It is nice to hear the hon. Member for Bedwellty (Mr. Finch) acknowledging that there have been four increases in pensions to other categories of pensioners since 1948. I do not wish to make a political point of this, but it is frequently not in the minds of the public that these increases have been made.

The Minister of Pensions and National Insurance (Mr. Boyd-Carpenter)

The hon. Member for Bedwellty (Mr. Finch) under-stated the matter. There have been four increases since 1951.

Commander Donaldson

I did not wish to go into the dates, nor to raise this as a political issue. I want merely to emphasise that these increases have been made. That therefore puts me in sympathy with the new Clause now before the House. The 10s. widow ought not to be considered by my right hon. Friend as a matter of a statistical unit, or something associated with the National Insurance Fund on an actuarial basis.

We all realise that the 10s. widow is in a peculiar position, separate from all other types of pensioners, and that these 100,000 people—if that be the number as put by the hon. Member for Sowerby (Mr. Houghton)—feel that they have been very hardly done by. My right hon. Friend is well aware that of the 100,000 there must be a high proportion in my three counties on the borders of Scotland, because I have many occasions to write to him, or to officials in his Department, pleading that something should be done for these people.

I rise merely to make it clear that the House is viewing this new Clause not as a party matter, but as one of human considerations in respect of people who feel a sense of injustice. I hope that my right hon. Friend will be able to accept this proposition today. If he does not accept it, I hope that he will make it abundantly clear why, so that those who are faced with the difficulty of meeting these people who feel that they have a sense of injustice can make it clear to them why there should not be an increase in their pensions. It is in this spirit that I have intervened in the debate.

Mr. R. E. Prentice (East Ham, North)

We on this side of the House are grateful to the hon. and gallant Member for Roxburgh, Selkirk and Peebles (Commander Donaldson) for his intervention in support of the Clause. I hope that he will carry his support to the logical conclusion, if necessary. I think that it is fair enough today to say that we are not likely to have any interventions from the other side of the House, except from the Front Bench, in opposition to the Clause. It would be difficult for any hon. Member on either side to speak against the simple point of justice contained in the Amendment, and we are all aware, or we should be, that public opinion would overwhelmingly support this modest reform.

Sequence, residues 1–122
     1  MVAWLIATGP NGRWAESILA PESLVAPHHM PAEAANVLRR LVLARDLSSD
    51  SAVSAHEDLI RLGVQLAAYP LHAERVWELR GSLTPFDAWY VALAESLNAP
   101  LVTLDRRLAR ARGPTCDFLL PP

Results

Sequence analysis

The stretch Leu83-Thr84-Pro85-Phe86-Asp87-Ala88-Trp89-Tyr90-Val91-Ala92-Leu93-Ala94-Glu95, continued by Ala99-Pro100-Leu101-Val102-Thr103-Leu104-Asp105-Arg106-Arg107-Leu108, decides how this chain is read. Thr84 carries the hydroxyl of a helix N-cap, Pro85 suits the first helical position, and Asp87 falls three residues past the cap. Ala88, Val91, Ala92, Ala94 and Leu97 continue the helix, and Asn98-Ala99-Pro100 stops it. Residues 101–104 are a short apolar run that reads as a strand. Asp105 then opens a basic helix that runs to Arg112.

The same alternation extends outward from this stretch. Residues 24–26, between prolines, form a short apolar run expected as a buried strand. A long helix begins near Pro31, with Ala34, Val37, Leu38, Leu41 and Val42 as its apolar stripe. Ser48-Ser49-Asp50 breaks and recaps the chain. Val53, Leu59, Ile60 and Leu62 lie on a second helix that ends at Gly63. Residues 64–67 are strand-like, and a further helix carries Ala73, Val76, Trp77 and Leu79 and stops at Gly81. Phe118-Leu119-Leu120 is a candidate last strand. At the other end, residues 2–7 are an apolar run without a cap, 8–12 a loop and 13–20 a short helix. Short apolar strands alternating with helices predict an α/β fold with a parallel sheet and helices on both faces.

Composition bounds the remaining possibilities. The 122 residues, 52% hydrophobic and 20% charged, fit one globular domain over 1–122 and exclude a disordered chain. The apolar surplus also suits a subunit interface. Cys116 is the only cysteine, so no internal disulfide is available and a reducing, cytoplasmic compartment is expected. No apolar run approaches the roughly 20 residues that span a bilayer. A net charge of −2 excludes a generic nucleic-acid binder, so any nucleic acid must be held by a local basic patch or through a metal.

We have all had experience, at public and other meetings, of hearing this point raised, and being convinced, as I have been, first, that there is a real sense of injustice on the part of these widows that they have been left behind for so long, and, secondly, a sense of shock amongst other people when they discover that in 1961 we are, still paying by way of National Insurance benefit a miserable rate of 10s. a week. It is an unworthy payment for a great nation at this point of time.

We are entitled to say to the Minister, or to the Parliamentary Secretary, that the stock excuses which have been used from that Box in the past, which have never been very good, are becoming less and less reasonable as time goes by, and that we hope that the Government will do better this afternoon. After all, what is the theory behind these excuses? It is that the 1948 Act did not provide pensions for all widows. It provided pensions for widowed mothers, for widows over 50, and for widows incapable of self-support, and otherwise it said that widows should not qualify for a pension. Therefore, these widows whom we are discussing are, in a sense, in a privileged position compared with others who are not getting any pension at all.

That might have been an argument for excluding them all in 1948. It might have been, and it would have been the logical thing to do in a way, although, on balance, I am glad that my right hon. Friend the Member for Llanelly (Mr. J. Griffiths) did not exclude them. In the special circumstances I think that he was right to include them.

The decision having been made in 1948 that it was right to include them. surely it is insupportable that we should allow years to go by, in which the real value of their pension has been steadily eroded by rising prices, and not do anything to increase the purchasing power of that pension. Surely, once a decision has been made that a certain group of people are entitled to a certain level of pension in our National Insurance Scheme, there is a duty to see that the purchasing power of that pension is maintained over the years?